Tutorial – opensocial development environment

Whether you are an avid Eclipse IDE user or not, the task of building OpenSocial applications has now taken a leap forward with the introduction of the Eclipse based OpenSocial Development Environment (OSDE). Database xls With OSDE, it is now possible to build OpenSocial applications directly within Eclipse, as opposed to a live sandbox environment. C database library This means you can easily develop OpenSocial compliant applications entirely in a stand alone manner, within the context of a modern Integrated Development Environment (IDE).


510 k database OSDE provides a rich set of features that both enable and enhance OpenSocial application development for both the client within a gadget, or even on a server using the Java RESTful client libraries.

• A new “OpenSocial” Eclipse perspective that provides enhanced editing and debugging with easy access and control of the local Shindig and social database.

• An OpenSocial REST Java client wizard that can quickly generate a new project along with sample code that uses the OpenSocial RESTful Java client library to connect to the local OpenSocial server.

The simplest way to appreciate all of the features together, is to step through a walkthrough of building both a typical OpenSocial gadget application, as well as a Java client application. How to become a database administrator But before building an application, here’s a quick review of how to install the OSDE plugin.

Installing the OSDE plugin into Eclipse is a simple 1-step process as it doesn’t have any complicated dependencies. Database xml It requires that you have Eclipse version 3.4.1 or later (‘JavaEE Developers’ package is recommended) at a minimum as well as a Java SE Development Kit 5.0 or higher. Database terminology Installation can be done by accessing your Eclipse’s ‘Software Updates’ and adding the new site: ” http://opensocial-development-environment.googlecode.com/svn/update-site/site.xml”. Database theory Once added, you can then easily install the plugin. Database 1 to 1 relationship Upon successful installation of the plugin, your Eclipse IDE requires a restart, and then you’re ready to start building applications using OSDE!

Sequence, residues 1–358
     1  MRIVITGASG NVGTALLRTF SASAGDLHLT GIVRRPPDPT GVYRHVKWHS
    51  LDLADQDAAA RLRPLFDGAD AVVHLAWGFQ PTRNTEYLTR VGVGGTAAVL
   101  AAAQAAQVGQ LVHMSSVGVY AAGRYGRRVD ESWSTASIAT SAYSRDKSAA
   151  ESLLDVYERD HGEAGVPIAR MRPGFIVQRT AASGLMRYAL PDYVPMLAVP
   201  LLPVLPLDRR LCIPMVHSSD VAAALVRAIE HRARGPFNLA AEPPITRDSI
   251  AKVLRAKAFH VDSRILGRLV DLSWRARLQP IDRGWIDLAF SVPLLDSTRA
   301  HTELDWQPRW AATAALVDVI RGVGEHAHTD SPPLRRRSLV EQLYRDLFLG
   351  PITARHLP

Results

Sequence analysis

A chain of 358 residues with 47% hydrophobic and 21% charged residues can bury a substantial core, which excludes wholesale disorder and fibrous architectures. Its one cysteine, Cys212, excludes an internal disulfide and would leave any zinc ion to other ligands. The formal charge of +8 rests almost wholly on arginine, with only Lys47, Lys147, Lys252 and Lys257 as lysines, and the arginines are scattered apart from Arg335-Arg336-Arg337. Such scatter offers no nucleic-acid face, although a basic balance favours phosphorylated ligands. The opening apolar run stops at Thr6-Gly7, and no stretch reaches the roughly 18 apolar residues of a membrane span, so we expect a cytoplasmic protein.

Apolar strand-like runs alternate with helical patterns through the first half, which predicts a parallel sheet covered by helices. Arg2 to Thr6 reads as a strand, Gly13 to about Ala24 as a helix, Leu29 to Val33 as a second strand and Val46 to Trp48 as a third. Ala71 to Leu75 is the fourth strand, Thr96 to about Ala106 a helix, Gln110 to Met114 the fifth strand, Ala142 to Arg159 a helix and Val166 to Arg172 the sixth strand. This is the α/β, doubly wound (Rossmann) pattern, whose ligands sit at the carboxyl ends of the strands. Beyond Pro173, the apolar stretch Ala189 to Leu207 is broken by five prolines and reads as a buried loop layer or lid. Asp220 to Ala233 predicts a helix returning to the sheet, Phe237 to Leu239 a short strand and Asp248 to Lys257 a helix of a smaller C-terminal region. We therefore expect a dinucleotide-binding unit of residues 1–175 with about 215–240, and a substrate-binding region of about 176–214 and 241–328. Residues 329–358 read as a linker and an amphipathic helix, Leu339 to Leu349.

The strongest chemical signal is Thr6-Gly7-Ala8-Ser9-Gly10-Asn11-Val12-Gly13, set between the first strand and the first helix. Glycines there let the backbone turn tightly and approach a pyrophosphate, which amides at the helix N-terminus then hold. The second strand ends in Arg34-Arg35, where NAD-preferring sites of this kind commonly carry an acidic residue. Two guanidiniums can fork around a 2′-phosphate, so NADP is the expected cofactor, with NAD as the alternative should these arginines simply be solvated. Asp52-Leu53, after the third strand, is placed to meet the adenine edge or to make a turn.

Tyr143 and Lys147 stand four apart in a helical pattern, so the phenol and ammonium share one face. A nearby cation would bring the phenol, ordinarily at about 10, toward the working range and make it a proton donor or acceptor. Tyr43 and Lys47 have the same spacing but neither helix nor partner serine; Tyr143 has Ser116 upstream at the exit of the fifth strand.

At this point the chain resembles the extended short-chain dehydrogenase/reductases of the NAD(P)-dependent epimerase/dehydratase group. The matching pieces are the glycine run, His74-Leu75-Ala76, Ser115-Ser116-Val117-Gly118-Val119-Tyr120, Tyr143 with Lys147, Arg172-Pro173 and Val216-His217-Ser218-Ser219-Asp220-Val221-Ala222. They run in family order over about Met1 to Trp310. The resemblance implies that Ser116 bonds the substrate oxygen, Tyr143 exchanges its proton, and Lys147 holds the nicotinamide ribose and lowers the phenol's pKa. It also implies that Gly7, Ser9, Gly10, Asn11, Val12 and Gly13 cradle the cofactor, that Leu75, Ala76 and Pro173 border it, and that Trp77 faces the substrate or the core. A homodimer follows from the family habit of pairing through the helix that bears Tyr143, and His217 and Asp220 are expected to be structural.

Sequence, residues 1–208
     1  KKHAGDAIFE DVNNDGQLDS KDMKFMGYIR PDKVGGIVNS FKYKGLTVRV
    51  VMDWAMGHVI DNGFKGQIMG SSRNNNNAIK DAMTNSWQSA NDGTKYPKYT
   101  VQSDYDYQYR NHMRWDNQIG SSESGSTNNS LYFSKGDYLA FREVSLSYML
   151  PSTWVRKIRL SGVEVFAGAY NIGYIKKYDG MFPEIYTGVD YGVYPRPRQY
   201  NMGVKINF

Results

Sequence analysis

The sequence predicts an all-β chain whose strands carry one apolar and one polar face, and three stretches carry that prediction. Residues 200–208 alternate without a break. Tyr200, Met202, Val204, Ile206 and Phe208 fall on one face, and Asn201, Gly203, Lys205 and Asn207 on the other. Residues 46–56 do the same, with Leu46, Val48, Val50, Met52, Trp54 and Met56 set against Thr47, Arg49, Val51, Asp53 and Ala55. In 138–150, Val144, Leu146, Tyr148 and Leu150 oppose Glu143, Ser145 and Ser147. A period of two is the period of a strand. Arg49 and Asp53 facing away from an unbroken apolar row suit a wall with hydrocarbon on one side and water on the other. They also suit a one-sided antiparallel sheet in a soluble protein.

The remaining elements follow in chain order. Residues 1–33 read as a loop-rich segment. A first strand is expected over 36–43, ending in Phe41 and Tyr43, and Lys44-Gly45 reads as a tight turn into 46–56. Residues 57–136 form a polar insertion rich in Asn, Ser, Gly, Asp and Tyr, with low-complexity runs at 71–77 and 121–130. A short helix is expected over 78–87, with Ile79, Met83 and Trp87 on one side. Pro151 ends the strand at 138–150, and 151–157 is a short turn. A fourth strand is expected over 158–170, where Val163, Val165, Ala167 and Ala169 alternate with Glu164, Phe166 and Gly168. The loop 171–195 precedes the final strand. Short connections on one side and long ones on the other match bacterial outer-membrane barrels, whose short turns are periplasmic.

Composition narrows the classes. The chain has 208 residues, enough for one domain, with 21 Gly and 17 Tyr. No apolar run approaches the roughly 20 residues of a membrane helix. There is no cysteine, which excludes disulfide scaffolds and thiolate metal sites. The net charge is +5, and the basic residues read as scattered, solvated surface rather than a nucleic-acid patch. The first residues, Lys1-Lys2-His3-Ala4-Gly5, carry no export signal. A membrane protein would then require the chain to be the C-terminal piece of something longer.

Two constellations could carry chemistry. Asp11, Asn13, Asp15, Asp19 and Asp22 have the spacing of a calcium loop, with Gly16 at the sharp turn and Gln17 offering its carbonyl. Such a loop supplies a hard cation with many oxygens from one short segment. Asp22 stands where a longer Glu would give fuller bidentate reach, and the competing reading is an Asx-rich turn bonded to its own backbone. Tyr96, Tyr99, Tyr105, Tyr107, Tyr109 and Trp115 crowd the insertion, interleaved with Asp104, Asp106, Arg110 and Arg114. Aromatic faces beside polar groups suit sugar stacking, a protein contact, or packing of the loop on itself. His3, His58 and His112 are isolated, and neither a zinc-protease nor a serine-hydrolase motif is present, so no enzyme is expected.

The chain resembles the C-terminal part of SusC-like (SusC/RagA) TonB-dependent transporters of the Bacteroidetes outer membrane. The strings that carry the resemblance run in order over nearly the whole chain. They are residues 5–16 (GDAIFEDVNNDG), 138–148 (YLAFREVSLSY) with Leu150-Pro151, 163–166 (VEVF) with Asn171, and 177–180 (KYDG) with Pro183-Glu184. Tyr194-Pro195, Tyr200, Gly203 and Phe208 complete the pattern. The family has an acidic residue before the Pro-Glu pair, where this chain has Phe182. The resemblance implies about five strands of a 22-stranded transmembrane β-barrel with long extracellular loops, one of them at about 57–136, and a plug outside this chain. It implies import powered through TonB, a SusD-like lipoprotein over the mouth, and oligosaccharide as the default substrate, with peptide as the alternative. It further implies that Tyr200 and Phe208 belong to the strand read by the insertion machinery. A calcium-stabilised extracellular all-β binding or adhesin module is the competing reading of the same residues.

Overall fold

For this walkthrough, we will create the typical OpenSocial “HelloWorld” application, which is a basic app that displays the viewer’s friends. Database testing Before we can have a running app that displays friends however, we’ll need to start the local Shindig server and populate the H2 database with some people/friends data. Database graph Fortunately this step is easily done by either:

For this walkthrough we’ll simply load the sample data. Database naming conventions You don’t have to recreate the sample data each time, however, because they are persisted for future usages.

To load the sample social data, we need to start the local shindig server first. Database entity This is done by clicking the “Launch Apache Shindig server” button on Eclipse’s main toolbar, or by selecting ‘Launch Apache Shindig’ from the OSDE menu. Database developer You will see Shindig start up in the console.

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